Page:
Virtual Lecture 46: An introduction to Early Medieval Embroidery in England with Dr. Alexandra Makin

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An introduction to early medieval embroidery in England

Lecturer: Dr. Alexandra Makin
Live Lecture Date: Saturday November 9, 2024 1PM Eastern
Live Lecture Registration: October 21 – November 7, 2024 1PM Eastern
Format: Live Lecture and Recording
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In this 50-minute talk we will be introduced to the exciting world of early medieval embroidery in England. We will learn about the fibres used to make the thread and where they came from and the stitches used to create motifs, why they we used and their deeper, hidden meanings. We will see the kinds of things embroideries were turned into and their place in early medieval society. Finally, we will briefly meet the people who made them and how their skills and ways of working evolved during this 6-century era (450 – 1100 CE) we now call the early medieval period.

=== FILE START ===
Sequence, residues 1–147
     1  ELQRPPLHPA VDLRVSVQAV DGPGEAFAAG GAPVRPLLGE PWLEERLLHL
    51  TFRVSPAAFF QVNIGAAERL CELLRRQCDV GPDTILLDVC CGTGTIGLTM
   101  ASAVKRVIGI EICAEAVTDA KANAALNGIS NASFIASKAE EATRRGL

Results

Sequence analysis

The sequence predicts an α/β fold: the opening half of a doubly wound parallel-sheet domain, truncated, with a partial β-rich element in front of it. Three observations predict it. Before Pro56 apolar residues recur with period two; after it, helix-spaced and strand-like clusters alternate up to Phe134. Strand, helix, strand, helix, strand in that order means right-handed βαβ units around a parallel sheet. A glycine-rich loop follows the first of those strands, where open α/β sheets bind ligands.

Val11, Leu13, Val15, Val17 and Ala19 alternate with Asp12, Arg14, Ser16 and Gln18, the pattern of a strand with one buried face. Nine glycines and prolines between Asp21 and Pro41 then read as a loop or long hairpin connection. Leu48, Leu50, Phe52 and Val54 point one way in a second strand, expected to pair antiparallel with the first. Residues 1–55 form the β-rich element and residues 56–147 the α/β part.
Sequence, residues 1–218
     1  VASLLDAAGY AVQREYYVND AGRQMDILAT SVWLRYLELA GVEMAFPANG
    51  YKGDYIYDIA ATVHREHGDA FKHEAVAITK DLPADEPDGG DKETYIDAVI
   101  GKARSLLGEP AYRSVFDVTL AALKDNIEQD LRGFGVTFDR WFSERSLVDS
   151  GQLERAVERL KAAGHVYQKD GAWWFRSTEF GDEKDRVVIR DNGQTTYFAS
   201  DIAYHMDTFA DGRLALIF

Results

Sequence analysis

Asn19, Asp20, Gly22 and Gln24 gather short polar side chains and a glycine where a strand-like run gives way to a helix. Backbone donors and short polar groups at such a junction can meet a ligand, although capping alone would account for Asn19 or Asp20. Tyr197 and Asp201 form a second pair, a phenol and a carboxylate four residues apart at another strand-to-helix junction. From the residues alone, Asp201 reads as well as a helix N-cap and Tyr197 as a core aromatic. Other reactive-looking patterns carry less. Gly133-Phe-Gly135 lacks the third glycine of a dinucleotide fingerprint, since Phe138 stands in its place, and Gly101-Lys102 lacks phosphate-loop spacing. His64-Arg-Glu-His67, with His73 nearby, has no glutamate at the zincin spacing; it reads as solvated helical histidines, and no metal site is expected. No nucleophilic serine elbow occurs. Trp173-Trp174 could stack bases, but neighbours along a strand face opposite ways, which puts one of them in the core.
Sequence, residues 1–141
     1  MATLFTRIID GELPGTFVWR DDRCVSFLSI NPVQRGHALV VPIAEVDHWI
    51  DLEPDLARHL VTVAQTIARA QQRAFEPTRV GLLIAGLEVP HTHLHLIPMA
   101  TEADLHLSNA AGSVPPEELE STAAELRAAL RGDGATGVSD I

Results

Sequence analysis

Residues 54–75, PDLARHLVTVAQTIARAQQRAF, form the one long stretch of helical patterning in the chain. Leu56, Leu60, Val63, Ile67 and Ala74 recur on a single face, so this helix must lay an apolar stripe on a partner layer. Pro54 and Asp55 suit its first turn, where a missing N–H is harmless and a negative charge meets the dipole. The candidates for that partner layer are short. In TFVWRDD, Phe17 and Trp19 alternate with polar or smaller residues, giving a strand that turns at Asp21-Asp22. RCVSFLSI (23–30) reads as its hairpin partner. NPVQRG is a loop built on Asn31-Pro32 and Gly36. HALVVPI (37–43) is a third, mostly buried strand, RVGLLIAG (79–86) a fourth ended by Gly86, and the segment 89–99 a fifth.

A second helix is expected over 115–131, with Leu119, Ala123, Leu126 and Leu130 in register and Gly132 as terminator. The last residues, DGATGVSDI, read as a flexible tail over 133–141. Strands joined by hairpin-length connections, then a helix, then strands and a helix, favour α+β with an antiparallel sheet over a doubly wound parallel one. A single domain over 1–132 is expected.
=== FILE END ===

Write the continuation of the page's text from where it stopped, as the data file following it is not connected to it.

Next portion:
Dr Alexandra Makin is a professional embroidery, trained on the Royal School of Needlework’s three-year apprenticeship, and a textile archaeologist (PhD), specialising in embroidery and textiles from early medieval Britain. At present she is working on the AHC funded Unwrapping the Galloway Hoard where she was the Post-Doctoral Research Associate for textiles. Alexandra also pursues her independent academic research, experimental archaeology work, and is consultant and textile analyst for archaeological units. Her book, The Lost Art of the Anglo-Saxon World: the sacred and secular power of embroidery, was published in 2019 and her co-edited volume, Textiles of the Viking North Atlantic: Analysis, Interpretation, Re-creation, will be out soon. She has published book chapters and journal articles and spoken on radio and TV about many aspects of early medieval embroidery, including the Bayeux Tapestry. Alexandra also owns and runs Early Medieval Embroidery where she designs and sells embroidery kits using ‘authentic’ early medieval materials and teaches embroidery workshops. Through the Early Medieval (mostly) Textiles blog and her YouTube channel, Early Medieval Embroidery, she keeps people up to date with her research.